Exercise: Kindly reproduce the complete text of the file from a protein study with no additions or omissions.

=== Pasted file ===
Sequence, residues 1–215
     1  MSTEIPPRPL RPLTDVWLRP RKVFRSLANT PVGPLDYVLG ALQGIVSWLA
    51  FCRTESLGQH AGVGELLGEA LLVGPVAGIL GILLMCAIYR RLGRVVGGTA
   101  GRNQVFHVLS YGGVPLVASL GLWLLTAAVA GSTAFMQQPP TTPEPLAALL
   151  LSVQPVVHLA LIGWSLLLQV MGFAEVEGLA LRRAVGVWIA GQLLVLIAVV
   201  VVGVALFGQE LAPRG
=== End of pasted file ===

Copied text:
Sequence, residues 1–215
     1  MSTEIPPRPL RPLTDVWLRP RKVFRSLANT PVGPLDYVLG ALQGIVSWLA
    51  FCRTESLGQH AGVGELLGEA LLVGPVAGIL GILLMCAIYR RLGRVVGGTA
   101  GRNQVFHVLS YGGVPLVASL GLWLLTAAVA GSTAFMQQPP TTPEPLAALL
   151  LSVQPVVHLA LIGWSLLLQV MGFAEVEGLA LRRAVGVWIA GQLLVLIAVV
   201  VVGVALFGQE LAPRG